We Stole The Show opens each show by freestyling off index cards with words provided by the audience, and that night was no different. Stone Forest Ensemble is a four piece instrumental acoustic group with a violinist, celloist, Congo drummer and beat boxer/emcee. Mid way through it’s set, the violinist asked different sections of the crowd to toss out three different words and the beat boxer/emcee would freestyle off of. He did. It wasn’t impressive. Johnny Voltik is the first act in S&P history to have a smoke machine and strobe lights. And Ashy L Bowz kicked off by freestyling off pages in magazines.

    Some of the gimmicks played well with the audience, others not so well. But eighty-percent is a staggeringly high ratio of performances that pull out props in one showcase. The acts were so different from each other that it became hard to compare. Everyone impromptu polled after the S&P had a different favorite. Either Stone Forest Ensemble or Johnny Volitk. Either We Stole The Show or Ashy L Bowz. Nothing in between. Even the acts themselves contributed to the odd-ball nature of the night.

    Despite the historical NBA Finals going down live in HD, the carnal knowledge going down live next door and the mad parity going down live on stage — Ashy L Bowz prevailed with massive amounts of personality, a weed song so potent that the crowd held lighters in the air, and a solid display of lyricism. Nicely done.

    After six rounds of S&P showdowns, two winners will finally be crowned, winning the right to rock BHF10. And then, after the haze settles and the stage clears, Large Professor, Pete Rock and DJ Premier — three of the most defining producers in Hip-Hop history and 3/5 of Illmatic’s beat miners — will roll out BHF week in legendary fashion!

    This past May, Rap Radar posted a video of ‘Premo and Pete Rock battling it out in Tokyo. This past Thursday, HHDX reported that Pete Rock and ‘Premo “will unite on a new project”. Now, a mere four days after PR’s Twitter confirmation that a joint album is in the works, ‘Premo and Pete Rock will rock together and wreck shop for Hip-Hop. Toss in Large Pro, aka Extra P, aka Mr. Main Source, aka the man who discovered Nasty Nas and placed him on the classic “Live At The BBQ” and produced his debut single, “Halftime”, “One Time 4 Your Mind” and “Ain’t Hard To Tell” — and now Brooklyn Bodega is just bragging (considering that Q-Tip will join the panel discussions with Maureen “Ma Dukes” Yancey as part of the BEI on the legacy of J Dilla — the only thing missing Illmatic is…well…Nas*).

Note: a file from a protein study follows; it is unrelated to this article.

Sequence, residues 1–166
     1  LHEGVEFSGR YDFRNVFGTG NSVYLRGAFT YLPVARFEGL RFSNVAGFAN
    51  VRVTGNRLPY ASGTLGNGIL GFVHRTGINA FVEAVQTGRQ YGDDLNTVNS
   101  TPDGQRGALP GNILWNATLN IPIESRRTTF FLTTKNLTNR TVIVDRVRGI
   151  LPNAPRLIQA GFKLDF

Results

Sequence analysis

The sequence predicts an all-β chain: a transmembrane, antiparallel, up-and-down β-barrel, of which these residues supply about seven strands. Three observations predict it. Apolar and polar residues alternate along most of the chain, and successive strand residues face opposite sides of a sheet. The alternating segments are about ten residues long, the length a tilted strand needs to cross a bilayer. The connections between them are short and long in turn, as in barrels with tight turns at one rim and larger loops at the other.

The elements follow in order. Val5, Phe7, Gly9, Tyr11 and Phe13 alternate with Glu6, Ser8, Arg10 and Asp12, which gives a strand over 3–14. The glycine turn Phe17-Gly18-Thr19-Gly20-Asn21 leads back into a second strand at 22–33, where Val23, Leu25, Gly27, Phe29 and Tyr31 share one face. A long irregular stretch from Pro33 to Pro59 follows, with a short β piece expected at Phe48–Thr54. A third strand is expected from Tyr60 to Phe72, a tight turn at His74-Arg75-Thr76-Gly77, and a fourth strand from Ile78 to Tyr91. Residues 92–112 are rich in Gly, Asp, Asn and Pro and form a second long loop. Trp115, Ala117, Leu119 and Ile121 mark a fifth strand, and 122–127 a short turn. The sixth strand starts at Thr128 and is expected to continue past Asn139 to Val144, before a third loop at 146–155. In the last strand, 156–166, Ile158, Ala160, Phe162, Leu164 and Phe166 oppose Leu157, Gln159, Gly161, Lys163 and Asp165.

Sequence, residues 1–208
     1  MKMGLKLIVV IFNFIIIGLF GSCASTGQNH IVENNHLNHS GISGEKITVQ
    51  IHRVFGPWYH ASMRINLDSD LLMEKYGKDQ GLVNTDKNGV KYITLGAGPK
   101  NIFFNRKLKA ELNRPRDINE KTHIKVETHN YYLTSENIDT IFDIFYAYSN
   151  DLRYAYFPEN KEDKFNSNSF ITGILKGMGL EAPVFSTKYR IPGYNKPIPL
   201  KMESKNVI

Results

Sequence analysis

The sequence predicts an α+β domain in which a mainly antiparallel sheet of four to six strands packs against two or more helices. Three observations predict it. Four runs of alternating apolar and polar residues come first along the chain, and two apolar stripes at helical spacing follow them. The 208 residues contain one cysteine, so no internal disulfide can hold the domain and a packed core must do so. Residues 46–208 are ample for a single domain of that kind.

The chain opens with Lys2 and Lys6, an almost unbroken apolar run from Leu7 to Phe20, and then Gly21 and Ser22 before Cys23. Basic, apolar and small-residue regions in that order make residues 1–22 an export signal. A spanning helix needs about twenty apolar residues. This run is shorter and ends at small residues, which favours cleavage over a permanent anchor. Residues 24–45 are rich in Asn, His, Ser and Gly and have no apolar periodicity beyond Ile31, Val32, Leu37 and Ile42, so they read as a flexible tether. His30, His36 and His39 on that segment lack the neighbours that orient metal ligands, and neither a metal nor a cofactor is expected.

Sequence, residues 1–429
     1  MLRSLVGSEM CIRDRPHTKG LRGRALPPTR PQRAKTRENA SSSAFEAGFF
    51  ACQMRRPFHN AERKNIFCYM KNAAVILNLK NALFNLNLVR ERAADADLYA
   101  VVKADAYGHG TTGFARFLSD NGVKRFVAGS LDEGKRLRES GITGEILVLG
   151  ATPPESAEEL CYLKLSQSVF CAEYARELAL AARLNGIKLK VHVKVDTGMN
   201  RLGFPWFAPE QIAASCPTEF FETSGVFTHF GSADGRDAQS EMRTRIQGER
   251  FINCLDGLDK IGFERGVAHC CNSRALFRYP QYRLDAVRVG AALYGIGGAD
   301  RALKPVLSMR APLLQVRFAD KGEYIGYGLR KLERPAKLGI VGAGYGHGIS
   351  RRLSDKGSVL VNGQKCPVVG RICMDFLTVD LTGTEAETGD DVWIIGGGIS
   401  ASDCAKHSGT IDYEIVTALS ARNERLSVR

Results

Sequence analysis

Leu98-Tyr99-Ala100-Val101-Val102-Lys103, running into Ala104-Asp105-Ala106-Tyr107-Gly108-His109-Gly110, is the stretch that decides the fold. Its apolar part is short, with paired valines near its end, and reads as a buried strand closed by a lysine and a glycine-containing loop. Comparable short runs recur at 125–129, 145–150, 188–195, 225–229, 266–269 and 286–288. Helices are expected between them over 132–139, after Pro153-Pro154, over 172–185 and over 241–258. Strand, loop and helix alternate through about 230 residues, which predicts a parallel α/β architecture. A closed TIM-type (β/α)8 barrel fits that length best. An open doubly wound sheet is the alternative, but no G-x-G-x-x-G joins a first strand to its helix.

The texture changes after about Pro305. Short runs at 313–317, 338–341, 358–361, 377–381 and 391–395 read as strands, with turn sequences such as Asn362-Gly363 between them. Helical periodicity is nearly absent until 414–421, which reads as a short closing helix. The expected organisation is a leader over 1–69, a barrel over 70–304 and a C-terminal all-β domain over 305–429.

In one-hundred and fifty eight characters, S&PSB just went from the possibly the most skippable event of BHF week, to another history making occasion.

    And only for $5. Bergdorf Hip-Hop at Bodega prices.

    “Brolic” indeed.

    * And LES…and AZ…you catch my drift.



Discussion 2 Responses

  1. July 12, 2010 at 5:03 pm

    [...] (officially beastly) 2010 Brooklyn Hip-Hop Festival has been a six-months-plus-labor-of-love for a “brolic” team of managers and A&Rs and journalists and interns and volunteers — driven by little [...]

  2. June 13, 2011 at 11:12 am

    [...] (officially beastly) 2010 Brooklyn Hip-Hop Festival has been a six-months-plus-labor-of-love for a “brolic” team of managers and A&Rs and journalists and interns and volunteers — driven by little [...]